Written by by Emily B. Kean, MSLS, Research and Education Librarian, Donald C. Harrison Health Sciences Library, University of Cincinnati Libraries.

I believe that health sciences librarians can positively contribute to big data in healthcare, to an extent. After completing this course, I certainly have a much better understanding of what big data is, and I can also see some overlap between traditional functions of librarianship and several of the concepts of big data. In my opinion, the areas where librarians could most significantly contribute are in areas such as creating and developing taxonomies for machine learning. From some of the readings in the class, it seems like some of the positions which were described as data managers are roles that librarians could easily fill; however, as was also demonstrated in the literature, non-librarian professionals are rarely identifying librarians as capable of filling these roles. I feel that if librarians are striving to fill the role of data managers or data scientists, based on some of the readings from this class and some of the discussion that has taken place, a serious effort would have to be made to educate colleagues and peers about the role that librarians can play.

Overall, I find that after completing this course it seems to me that the approach described by Dr. Patti Brennan regarding nursing in the field of data science is also incredibly applicable to the field of librarianship and data science. I think Dr. Brennan’s approach that nurses have an understanding and appreciation for what data science can do for their profession but also the idea that not all nurses will become data scientists is a very healthy approach and it’s one that is also applicable to the field of librarianship. I can easily see a future where librarians could potentially participate on teams that might involve healthcare professionals and data scientists, but I don’t know that it’s realistic that all librarians will develop the skills of a true data scientist. Along the mindset presented in Dr. Brennan’s lecture, I don’t think it’s desirable that all librarians should become data scientists. As Dr. Brennan describes, there will still be a need for nurses to fill traditional nursing roles and there will still be a need for librarians to fill traditional librarian roles, with a small percentage from each profession adopting the role of data scientist.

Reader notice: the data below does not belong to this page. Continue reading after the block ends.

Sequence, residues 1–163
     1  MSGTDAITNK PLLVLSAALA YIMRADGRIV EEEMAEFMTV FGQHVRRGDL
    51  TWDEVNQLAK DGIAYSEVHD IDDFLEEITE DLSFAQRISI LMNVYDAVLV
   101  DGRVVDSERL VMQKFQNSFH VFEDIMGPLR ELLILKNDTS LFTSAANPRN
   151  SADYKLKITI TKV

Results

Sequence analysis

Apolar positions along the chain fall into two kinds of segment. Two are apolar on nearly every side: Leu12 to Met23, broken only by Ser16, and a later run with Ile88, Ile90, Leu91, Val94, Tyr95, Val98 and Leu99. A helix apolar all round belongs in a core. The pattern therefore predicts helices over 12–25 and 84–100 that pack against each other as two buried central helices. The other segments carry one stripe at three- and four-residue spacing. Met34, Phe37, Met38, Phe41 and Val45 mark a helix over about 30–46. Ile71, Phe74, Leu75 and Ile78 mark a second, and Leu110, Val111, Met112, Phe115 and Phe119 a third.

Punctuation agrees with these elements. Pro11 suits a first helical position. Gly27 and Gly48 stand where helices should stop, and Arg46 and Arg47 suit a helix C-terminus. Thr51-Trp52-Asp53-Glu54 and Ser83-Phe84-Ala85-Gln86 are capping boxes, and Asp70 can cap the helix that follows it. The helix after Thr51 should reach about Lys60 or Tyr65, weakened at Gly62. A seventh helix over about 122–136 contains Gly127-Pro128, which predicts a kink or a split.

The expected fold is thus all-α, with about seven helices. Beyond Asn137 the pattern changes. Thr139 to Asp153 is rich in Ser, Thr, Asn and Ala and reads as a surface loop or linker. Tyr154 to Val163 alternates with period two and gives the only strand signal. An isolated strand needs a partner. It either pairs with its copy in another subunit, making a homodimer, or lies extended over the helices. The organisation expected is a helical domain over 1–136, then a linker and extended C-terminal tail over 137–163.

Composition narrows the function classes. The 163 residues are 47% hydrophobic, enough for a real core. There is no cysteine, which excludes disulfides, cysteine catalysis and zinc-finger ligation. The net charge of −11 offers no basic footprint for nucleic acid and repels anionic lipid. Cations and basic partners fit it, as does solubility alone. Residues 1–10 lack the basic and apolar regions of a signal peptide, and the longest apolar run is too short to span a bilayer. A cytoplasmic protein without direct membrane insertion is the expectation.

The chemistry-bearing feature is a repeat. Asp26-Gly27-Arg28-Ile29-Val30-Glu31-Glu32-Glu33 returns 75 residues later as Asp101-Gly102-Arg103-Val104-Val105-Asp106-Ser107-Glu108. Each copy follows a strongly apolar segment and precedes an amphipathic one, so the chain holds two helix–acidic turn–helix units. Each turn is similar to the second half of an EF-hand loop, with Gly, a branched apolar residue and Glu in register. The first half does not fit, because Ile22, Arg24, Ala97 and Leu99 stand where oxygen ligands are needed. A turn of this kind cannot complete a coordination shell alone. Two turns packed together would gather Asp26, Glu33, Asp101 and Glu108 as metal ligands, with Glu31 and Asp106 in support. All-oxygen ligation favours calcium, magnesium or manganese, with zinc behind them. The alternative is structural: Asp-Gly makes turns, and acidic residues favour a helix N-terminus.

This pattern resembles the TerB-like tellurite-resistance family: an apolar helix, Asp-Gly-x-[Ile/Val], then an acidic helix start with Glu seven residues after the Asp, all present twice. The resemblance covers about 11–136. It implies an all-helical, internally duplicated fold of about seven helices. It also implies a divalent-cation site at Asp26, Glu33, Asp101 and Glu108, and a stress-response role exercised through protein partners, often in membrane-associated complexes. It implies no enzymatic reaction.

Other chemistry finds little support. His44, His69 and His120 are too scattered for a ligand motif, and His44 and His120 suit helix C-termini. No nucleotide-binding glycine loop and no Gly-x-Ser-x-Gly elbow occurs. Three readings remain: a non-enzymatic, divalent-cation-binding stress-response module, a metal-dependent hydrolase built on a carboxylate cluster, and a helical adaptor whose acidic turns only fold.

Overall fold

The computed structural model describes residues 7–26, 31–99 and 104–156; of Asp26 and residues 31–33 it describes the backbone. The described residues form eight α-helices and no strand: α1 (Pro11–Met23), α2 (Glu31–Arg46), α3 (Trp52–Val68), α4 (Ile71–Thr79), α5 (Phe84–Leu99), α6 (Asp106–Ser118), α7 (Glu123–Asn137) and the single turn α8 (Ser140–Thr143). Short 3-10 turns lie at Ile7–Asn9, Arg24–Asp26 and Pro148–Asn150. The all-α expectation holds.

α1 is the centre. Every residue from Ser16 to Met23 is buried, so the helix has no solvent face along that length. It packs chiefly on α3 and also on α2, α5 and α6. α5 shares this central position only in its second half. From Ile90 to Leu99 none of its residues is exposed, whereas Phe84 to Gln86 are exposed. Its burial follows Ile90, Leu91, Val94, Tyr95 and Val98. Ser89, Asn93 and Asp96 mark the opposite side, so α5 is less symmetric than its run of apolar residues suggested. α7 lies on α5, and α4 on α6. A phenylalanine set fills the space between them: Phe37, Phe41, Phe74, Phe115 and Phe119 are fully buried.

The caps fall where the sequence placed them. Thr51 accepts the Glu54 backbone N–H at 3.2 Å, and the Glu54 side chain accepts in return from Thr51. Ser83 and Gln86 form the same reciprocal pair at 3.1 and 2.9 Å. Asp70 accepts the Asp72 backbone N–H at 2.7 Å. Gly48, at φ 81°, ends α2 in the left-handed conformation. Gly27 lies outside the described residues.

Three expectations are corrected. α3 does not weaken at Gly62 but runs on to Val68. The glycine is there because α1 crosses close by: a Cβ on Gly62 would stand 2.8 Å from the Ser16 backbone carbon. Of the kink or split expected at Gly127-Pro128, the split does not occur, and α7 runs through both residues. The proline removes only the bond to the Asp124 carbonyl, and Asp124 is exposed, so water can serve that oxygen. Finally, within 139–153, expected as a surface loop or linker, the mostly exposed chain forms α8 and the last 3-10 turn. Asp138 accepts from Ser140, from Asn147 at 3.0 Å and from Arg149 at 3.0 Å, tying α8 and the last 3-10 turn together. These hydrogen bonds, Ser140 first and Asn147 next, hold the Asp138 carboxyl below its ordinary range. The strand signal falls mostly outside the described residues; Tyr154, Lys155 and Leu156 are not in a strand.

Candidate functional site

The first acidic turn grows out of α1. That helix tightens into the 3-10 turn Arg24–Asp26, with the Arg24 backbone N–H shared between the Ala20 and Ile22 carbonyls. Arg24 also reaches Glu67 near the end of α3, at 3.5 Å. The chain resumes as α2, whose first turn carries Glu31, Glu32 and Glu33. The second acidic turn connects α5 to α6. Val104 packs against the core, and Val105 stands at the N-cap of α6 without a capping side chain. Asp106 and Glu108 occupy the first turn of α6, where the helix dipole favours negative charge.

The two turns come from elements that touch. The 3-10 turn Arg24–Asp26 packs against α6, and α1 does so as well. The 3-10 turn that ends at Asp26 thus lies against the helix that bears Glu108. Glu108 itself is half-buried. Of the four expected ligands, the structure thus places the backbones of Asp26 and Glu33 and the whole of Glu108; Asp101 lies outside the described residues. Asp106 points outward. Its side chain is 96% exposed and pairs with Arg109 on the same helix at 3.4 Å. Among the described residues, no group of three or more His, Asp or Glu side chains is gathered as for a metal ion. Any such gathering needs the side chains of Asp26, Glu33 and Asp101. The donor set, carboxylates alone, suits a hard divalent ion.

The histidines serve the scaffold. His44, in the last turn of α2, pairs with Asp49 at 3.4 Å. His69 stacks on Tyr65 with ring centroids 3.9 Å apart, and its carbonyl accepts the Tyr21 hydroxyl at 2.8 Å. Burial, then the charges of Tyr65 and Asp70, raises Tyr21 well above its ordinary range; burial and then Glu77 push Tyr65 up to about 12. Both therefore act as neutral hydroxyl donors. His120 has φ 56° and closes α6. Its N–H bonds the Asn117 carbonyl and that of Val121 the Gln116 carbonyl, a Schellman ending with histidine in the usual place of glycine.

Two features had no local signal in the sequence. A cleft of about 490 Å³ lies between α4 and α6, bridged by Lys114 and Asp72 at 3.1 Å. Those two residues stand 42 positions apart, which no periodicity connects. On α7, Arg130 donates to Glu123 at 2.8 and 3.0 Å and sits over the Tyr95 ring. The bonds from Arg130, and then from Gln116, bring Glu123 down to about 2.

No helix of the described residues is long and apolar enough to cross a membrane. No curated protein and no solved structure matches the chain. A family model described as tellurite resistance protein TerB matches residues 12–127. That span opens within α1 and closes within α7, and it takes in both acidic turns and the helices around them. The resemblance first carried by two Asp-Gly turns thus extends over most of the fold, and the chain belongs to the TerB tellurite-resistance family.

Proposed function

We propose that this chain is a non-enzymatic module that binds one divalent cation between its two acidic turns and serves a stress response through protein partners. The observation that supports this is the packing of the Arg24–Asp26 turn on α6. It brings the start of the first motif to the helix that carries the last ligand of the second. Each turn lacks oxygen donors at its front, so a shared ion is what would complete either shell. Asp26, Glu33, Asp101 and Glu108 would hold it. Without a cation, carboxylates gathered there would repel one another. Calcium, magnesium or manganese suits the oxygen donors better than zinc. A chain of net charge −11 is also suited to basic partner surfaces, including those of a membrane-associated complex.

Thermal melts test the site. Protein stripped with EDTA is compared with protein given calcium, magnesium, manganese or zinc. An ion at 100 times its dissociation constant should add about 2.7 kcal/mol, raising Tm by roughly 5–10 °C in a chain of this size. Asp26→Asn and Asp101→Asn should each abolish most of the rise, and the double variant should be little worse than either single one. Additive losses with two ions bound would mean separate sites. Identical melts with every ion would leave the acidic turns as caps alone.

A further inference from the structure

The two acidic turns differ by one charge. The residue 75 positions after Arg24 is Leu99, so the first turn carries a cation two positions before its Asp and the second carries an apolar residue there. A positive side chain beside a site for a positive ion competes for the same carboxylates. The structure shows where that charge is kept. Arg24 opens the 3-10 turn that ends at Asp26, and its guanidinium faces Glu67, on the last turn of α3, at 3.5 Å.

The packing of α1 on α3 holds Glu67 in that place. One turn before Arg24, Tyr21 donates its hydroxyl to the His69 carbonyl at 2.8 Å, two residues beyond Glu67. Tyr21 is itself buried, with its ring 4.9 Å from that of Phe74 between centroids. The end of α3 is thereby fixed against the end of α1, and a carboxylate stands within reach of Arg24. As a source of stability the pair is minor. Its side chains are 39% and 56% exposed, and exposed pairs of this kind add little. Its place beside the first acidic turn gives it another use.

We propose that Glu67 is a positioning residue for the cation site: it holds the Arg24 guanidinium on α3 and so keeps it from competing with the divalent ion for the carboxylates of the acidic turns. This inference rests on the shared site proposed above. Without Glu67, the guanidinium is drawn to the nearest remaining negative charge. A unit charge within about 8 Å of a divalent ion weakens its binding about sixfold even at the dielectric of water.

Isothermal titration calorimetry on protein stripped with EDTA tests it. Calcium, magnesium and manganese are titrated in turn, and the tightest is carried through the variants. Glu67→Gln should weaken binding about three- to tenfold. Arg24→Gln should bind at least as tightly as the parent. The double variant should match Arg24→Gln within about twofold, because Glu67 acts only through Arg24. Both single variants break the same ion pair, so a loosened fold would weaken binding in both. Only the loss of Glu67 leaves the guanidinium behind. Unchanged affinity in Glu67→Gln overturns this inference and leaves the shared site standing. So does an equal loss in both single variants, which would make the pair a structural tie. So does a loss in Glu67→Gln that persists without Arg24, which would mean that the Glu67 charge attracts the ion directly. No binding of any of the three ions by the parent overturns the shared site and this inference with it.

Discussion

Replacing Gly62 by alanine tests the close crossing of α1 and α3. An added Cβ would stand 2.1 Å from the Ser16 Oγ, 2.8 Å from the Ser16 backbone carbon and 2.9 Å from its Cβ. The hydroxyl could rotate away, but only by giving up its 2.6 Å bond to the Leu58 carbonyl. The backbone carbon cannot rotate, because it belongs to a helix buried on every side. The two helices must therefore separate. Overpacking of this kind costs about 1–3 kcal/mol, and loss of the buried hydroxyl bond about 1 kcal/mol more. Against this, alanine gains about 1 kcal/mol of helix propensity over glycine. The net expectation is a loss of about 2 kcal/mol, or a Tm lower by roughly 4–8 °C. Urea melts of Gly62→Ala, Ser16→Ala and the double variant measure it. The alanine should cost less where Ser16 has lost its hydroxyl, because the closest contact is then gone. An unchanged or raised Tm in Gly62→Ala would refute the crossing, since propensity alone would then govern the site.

Just as the traditional approach to schooling for librarians has evolved to encompass the ideas of information science, I do see a future where a Masters in Library Science program would encompass the ideas of data science as well. One of the areas that was touched upon by this course but we didn’t really get into in great detail are all of the different programming languages used by data scientists. I don’t know that it’s entirely feasible to re-train the majority of current working health sciences librarians, but I do believe that exposing library science students to data science concepts as part of their masters-level education will better prepare future librarians – in the health sciences and other areas – to be perceived as experts in this field and be approached as team members for interdisciplinary collaborations.

Categories: RML Blogs

Funding Awarded for Health and Wellbeing Workshop Series

Mon, 2017-11-13 03:03

The GMR office is excited to announce that Comunidades Latinas Unidas en Servicio (CLUES) has been granted an Outreach Award for the development and implementation of a Health and Wellbeing Workshop Series.

Both nationally and in Minnesota, Latinos experience persistent equity gaps in health and wellbeing. These disparities are not based in biology, but rather are the result of the burdens of poverty falling disproportionately on people of color and immigrant communities. To achieve a state of well-being as a community and reverse persistent equity gaps, Latinos need access to high-quality health services that are culturally and linguistically responsive. CLUES’ new Health and Wellbeing course will address that need by providing a holistic, culturally competent health education program to Minnesota’s Latino community.

Project Description
The GMR office is funding CLUES to design and pilot workshops to engage families in experiential learning around topic areas of interest. Workshops will also serve to promote social connectedness among participants and cover topics across well-being, including healthy behaviors (healthy eating, active living, tobacco cessation), communication, and dealing with difficult emotions (regulation of feelings and its expression, trauma). Workshops will be led by CLUES Community Health Workers who live and work in the target communities and will include live streaming or pre-taped sessions by CLUES mental health professionals. Additionally, workshops will include familiarizing participants with online resources, including MedlinePlus. To do so, staff will demonstrate utilizing the web-based tool to research information and will provide examples to participants on when/how the resource could help them.  Participants will receive a printed handout with key resources for their future use.

The implementation of this project aims to fulfill two main goals:

1. Develop a six-session health and wellbeing curriculum in Spanish, including presentations, materials for clients, resources, evaluation tools, and a short guide on delivery instructions
2. Pilot two workshops in target areas in southern Minnesota

Categories: RML Blogs

Libraries Transform Health Literacy Toolkits

Fri, 2017-11-10 09:14

Because-FakeNews_Posters-full-300-2Great news! The Health Literacy Toolkit posters from the Libraries Transform campaign can now be ordered in 11×17 size.

A little history of the project if you are not familiar: